What is Your Mobile Suction Device Inventory?

Anyone who works in EMS knows how important it is to maintain their equipment. Daily truck checkouts, weekly inventories, and monthly drug checks ensure your equipment is clean, is ready for service, and that drugs are up to date.


Your mobile suction device is one of the most critical pieces of equipment on your unit. Suction not only clears the patient's airway, but also enables you to visualize the cords during intubation, control bleeding in the trauma patient, and prevent aspiration, thereby protecting the lungs.


Maintaining your mobile suction device is a basic, yet vital, responsibility. And the key to device readiness is having a complete inventory. What is your mobile device inventory, and is there room for improvement?


Deciding What Works

Few responders get to choose the equipment placed on the truck. But if you are part of a committee or responsible for making such decisions, the first step in suction device inventory is choosing the right unit for your department. Some of the considerations include:

  • The size of the department/number of units needed
  • Cost of each unit
  • Power—either rechargeable or alkaline batteries, or alternative power sources
  • Special populations served—i.e., geriatric and pediatric patients who benefit from units that provide adjustable pressure
  • Durability
  • Portability
  • Size—larger, more powerful units or smaller units that can be easily stowed in an airway or trauma bag
  • Easy to maintain— disposable parts and accessories for ease of cleaning and reducing contaminants


Accessories Matter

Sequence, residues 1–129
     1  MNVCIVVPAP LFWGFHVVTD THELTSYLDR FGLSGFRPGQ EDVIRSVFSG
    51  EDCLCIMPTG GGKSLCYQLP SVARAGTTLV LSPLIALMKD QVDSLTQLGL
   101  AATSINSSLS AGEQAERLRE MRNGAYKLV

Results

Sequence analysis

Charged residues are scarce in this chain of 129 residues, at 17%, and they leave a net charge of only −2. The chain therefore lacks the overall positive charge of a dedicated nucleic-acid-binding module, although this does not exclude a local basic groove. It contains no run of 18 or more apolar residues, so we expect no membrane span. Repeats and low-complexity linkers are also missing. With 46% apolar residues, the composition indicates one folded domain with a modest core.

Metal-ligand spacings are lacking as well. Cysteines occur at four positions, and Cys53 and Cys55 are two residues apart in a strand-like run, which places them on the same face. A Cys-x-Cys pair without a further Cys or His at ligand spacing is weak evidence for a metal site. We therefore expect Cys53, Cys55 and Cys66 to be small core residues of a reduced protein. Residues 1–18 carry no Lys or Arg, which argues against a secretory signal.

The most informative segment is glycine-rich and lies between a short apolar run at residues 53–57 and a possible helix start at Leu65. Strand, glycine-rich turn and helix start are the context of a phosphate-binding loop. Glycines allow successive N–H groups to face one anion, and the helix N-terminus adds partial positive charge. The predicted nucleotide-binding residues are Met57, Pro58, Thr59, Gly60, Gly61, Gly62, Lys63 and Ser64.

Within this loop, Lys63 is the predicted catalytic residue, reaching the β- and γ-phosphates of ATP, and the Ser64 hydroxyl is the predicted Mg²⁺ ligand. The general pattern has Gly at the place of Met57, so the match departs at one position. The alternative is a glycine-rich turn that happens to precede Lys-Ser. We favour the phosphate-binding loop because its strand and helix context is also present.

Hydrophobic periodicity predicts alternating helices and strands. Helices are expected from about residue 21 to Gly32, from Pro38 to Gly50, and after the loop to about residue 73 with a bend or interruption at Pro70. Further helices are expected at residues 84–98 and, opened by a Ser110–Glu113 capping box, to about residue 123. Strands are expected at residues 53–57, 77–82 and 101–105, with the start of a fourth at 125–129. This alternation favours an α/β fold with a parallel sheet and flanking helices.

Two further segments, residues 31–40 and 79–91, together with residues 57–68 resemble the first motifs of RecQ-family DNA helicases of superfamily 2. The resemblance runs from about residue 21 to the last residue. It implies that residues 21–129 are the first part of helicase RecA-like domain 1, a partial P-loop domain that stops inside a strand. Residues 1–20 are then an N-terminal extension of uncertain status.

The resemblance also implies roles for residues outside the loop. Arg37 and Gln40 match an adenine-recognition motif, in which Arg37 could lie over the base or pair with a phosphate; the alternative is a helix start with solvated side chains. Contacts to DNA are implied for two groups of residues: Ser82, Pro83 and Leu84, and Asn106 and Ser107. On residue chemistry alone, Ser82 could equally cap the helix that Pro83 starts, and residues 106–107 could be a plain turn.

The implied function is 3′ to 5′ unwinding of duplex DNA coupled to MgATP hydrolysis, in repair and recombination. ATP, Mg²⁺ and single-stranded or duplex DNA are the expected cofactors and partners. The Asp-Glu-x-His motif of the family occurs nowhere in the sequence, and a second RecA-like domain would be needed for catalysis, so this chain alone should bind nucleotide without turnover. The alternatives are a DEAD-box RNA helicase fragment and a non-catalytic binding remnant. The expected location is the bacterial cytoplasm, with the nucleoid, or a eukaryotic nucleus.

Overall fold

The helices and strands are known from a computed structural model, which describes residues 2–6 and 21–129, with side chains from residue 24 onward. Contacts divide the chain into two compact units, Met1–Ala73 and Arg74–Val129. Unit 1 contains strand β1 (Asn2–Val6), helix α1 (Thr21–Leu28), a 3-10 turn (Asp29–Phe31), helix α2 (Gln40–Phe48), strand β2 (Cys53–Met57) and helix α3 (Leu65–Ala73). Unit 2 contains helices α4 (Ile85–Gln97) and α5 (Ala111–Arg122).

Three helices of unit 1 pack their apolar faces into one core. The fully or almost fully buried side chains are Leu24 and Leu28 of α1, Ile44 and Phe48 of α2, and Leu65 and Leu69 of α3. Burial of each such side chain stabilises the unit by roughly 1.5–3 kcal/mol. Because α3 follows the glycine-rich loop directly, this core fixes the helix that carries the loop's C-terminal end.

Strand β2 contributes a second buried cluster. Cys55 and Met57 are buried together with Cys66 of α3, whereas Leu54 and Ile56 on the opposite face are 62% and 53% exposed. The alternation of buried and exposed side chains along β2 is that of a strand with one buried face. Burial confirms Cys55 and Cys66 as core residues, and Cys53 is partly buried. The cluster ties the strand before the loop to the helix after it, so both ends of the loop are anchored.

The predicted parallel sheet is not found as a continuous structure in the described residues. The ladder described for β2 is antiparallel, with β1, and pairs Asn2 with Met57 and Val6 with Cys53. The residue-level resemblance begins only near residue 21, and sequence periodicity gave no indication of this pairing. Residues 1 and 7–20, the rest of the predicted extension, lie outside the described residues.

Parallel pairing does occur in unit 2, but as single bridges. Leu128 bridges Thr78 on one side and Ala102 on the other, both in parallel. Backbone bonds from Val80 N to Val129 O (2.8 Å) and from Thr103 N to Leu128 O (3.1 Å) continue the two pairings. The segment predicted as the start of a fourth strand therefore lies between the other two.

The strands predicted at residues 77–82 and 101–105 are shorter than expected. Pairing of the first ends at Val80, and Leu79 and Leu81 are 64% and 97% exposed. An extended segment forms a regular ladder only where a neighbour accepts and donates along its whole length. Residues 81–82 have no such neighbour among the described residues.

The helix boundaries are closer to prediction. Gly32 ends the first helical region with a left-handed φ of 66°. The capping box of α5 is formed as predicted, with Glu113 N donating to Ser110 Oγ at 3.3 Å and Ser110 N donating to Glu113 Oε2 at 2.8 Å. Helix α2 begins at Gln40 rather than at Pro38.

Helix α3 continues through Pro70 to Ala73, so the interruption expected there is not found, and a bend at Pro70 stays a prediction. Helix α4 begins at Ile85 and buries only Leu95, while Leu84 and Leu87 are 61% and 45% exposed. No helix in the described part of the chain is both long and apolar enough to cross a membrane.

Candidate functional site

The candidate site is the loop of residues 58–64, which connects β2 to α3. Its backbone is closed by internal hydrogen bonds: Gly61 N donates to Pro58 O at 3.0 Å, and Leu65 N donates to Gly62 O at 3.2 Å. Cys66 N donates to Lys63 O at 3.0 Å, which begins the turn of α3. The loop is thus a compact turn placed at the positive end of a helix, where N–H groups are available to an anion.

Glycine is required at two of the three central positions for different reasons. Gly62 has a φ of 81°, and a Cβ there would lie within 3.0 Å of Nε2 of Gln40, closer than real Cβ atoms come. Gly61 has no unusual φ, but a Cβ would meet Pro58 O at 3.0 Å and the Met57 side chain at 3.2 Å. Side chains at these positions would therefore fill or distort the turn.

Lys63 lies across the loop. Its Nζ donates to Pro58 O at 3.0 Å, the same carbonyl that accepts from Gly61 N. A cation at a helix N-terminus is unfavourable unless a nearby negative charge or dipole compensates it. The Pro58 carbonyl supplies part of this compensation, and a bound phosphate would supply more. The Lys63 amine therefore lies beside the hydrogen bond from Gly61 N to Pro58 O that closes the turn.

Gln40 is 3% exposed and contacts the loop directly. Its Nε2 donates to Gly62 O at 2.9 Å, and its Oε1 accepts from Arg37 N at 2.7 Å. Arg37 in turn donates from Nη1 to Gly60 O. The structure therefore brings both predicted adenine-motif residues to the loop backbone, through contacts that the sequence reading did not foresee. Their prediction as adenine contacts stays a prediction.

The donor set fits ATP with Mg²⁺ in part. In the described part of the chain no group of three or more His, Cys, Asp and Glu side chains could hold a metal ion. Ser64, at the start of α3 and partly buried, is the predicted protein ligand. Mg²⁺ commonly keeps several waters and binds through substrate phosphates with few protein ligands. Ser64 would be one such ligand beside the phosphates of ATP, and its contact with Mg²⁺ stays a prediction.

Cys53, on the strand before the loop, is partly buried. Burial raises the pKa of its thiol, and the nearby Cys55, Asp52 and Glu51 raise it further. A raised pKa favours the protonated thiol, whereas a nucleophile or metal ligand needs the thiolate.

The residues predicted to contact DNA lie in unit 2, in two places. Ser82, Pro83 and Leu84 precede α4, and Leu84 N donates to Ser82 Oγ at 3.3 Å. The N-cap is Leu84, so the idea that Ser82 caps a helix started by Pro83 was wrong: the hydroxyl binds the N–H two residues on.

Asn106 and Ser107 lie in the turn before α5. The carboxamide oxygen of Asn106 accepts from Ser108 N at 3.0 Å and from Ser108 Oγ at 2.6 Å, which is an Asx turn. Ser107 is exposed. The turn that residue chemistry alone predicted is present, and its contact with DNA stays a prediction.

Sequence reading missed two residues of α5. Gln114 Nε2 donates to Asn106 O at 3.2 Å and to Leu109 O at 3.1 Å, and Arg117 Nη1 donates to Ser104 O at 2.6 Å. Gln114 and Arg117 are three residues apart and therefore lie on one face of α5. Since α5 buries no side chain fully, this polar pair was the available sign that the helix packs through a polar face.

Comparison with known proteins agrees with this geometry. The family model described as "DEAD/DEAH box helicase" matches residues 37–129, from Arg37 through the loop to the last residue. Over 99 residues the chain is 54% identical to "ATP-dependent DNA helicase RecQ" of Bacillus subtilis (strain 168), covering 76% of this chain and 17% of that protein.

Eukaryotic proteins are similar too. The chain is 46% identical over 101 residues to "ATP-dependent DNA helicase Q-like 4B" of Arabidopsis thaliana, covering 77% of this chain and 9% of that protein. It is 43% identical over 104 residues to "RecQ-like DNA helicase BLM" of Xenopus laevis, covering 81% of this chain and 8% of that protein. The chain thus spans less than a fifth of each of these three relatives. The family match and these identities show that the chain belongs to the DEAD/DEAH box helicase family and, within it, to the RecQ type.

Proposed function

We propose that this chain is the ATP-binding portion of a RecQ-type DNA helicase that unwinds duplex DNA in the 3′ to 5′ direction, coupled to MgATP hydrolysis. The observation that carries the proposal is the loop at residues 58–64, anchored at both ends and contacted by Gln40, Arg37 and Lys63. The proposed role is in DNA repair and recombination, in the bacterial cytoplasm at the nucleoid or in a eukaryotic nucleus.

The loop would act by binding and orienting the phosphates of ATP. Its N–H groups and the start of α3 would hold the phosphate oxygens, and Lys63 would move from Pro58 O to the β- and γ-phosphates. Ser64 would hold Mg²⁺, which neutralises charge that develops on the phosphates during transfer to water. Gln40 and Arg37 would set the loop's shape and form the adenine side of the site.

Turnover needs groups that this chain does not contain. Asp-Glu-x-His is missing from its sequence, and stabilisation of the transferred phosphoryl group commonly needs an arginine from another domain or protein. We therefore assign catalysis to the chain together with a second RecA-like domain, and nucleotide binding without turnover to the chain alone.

There are certain accessories you will need to outfit your portable suction device. You want a range of adjuncts so that you have the right tools for the job. Certain patients and situations require a more refined approach. Here are the essentials to include in your suction device inventory:

  • An array of catheters:
    • Flexible French for suctioning advanced airways
    • Small-tipped, large-bore for normal suction scenarios
    • Hyper-curved, for difficult airways, which may present as:
      • Receding chin
      • Short neck
      • Large tongue (especially in Down syndrome)
      • Small oral cavity
      • Cervical immobilization/limited neck mobility
      • Facial trauma
      • Bleeding
      • Active vomiting
  • Suction tubing
  • Extra canisters
  • Extra batteries, both rechargeable and alkaline
  • Approved disinfectant, which can be a bleach/water mix or commercial product


Having the right accessories is as important as the unit itself, so be sure your inventory is up to snuff.


Maintaining the Health of Your Inventory

Portable suction devices are prone to contamination. They deal directly with bodily fluids, so cleaning and disinfecting after each use is essential. Here are some guidelines for keeping it clean:

  • Discard all disposable parts, including the canister, tubing, and catheters
  • Follow appropriate guidelines for disposing bio-hazardous materials
  • Clean your suction unit using a mild detergent or a mixture of bleach and water (1 part bleach/10 parts water) and rinse thoroughly
  • Follow the instruction manual for disinfecting the mechanics—do not submerge your suction unit
  • Never reuse any disposable parts
  • Always wear personal protective equipment when handling contaminated equipment, including gloves, face and eye protection, and protective clothing


Your portable suction device is one of your most essential pieces of equipment. Maintaining the necessary accessories requires a thorough inventory that is checked regularly, and a device that is well maintained.


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